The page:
Montreal vs. Ottawa: Why the Atlantic Division title race is over

The Canadiens beat the Senators 4-1 to sweep a home-and-home series and officially take control of the Atlantic division lead.

With the Montreal Canadiens and Ottawa Senators essentially assured of returning to the playoffs next month, we handicap the Atlantic Division title race after the Habs’ weekend sweep of their division rival.

Sorry, Sens fans. We know you only trail the Canadiens by four points, but gauging by strength of opponent, home and road schedules, and back-to-backs, we’re comfortable with hanging a divisional banner in la belle province with 10 games to go. (Also, we love the idea of Montreal proudly hanging division title banners.)

Sorry, Habs fans. That might not be a good thing for your squad.

Here’s a breakdown of the Atlantic title race down the stretch:

Games in hand
Ottawa has one more game to play than Montreal, so there’s that.

Advantage: Senators

Home and road
Beginning with a five-game home stand Tuesday, Montreal hosts six of its final 10 games at the Bell Centre. Ottawa has just three scattered home dates and eight roadies—including a tough five-game trip that bounces back and forth between the Eastern and Central time zones.

Advantage: Canadiens


Montreal finishes its season with a pair of consecutive games in which it faces Tampa Bay at home (April 7) and flies to Detroit for its final game at The Joe (April 8). The Sens have two back-to-backs: a home-and-home against the Red Wings April 3-4 and an all–New York double-header to wrap the season (April 8 versus the Rangers and April 9 at the Islanders).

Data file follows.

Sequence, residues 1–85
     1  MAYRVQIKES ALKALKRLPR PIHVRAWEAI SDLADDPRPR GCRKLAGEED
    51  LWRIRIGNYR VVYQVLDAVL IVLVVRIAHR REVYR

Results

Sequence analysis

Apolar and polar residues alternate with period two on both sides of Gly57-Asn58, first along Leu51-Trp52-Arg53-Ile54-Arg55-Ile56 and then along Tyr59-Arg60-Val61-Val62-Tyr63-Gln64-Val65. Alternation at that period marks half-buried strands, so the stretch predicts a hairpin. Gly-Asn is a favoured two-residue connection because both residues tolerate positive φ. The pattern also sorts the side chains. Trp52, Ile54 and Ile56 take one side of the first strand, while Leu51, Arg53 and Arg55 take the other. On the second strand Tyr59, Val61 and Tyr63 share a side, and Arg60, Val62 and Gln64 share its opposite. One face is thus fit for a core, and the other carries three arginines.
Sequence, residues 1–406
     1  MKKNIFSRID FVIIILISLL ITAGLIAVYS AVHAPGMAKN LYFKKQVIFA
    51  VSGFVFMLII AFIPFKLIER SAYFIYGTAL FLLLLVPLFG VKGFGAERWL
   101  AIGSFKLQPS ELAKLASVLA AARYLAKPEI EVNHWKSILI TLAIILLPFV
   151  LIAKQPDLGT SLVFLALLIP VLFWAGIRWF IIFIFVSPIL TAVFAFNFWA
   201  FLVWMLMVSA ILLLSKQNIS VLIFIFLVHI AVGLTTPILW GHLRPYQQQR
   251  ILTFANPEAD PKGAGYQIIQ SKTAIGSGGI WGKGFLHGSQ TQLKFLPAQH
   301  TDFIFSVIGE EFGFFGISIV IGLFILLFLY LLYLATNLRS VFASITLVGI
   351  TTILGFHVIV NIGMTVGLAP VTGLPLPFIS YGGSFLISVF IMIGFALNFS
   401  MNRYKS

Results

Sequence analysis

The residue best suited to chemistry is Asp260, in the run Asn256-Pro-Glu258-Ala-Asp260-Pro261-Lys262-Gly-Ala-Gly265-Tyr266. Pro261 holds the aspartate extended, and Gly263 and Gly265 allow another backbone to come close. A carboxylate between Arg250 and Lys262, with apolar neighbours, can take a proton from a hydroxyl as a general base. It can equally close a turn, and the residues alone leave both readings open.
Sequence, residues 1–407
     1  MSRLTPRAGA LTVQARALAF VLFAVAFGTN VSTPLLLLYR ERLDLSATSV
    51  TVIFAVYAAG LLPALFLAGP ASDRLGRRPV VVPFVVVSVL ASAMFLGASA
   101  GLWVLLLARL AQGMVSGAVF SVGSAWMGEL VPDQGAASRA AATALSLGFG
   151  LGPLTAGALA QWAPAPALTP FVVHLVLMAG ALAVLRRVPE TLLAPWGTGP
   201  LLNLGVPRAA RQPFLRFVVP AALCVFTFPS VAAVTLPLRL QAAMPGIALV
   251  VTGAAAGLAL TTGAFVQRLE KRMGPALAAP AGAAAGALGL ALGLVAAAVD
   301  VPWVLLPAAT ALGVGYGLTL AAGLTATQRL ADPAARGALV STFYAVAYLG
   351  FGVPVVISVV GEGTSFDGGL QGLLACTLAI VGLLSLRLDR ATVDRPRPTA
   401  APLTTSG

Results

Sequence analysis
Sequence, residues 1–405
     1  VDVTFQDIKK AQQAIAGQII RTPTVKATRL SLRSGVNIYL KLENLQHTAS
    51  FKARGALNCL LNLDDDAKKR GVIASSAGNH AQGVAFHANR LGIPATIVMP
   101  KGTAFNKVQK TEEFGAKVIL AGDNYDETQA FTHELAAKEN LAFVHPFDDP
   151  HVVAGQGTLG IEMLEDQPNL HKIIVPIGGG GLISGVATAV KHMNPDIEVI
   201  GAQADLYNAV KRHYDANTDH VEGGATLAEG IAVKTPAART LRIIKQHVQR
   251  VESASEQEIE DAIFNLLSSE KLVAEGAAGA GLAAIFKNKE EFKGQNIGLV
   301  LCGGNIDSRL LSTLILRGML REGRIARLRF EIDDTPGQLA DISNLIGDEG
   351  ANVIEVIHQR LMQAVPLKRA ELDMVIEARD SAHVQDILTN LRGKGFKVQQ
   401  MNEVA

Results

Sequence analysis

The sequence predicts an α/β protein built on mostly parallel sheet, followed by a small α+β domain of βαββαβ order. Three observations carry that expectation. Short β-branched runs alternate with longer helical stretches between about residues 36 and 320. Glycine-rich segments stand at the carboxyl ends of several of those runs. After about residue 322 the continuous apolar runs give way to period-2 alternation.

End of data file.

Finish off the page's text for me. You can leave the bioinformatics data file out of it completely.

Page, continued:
Advantage: Canadiens, who don’t appear to suffer from back-to-backs anyway

Strength of opponent
Here’s the real spoiler for the Senators’ Atlantic crown bid. Six of their remaining contests are against playoff teams, and another one comes against a team desperately in the hunt. Minnesota and Pittsburgh are among the powerhouses left on the docket.

Montreal plays just one game against an all-but-certain playoff team, and that’s the Sens. The Habs should benefit from a soft sprint to the finish line, as they draw a lineup of lottery-bound teams: Detroit (twice), Florida (twice), Carolina, Dallas and Buffalo. They also play Tampa twice, and the injury-stricken Lightning currently sit two points out of a wild-card spot.

Big advantage: Canadiens

The Habs have three more regulation and overtime wins (ROW) than their Ontario counterparts. Each club has defeated the other twice head-to-head, with a fifth and final regular-season tilt set for March 25.

Advantage: Canadiens

Montreal might as well send all its pro scouts to see the New York Rangers, who look like a lock for the first wild card spot. According to odds-crunching site, Montreal has an 89 per cent chance of claiming the Atlantic. We like those odds. This should set up a beautiful Original Six first-round matchup, a chance for Henrik Lundqvist to snatch some revenge from Carey Price (see: Olympic gold medal game, 2014) and Alain Vigneault from Claude Julien (see: Stanley Cup Final, 2011).

For what it’s worth, Montreal swept its season series versus the Blueshirts 3-0. Two of those games were decided by a single goal, and one went to a shootout.

We feel confident saying the Senators should now be more concerned with securing the Atlantic’s second seed and home ice in Round 1. The Boston Bruins — winners of four of their past five — are just four points behind them.

Ironically, due to the lopsided nature of the NHL’s playoff format this year, the Senators are on target to draw the easier opponent on paper. That’s likely hated Boston, but perhaps also hated Toronto or maybe Tampa.

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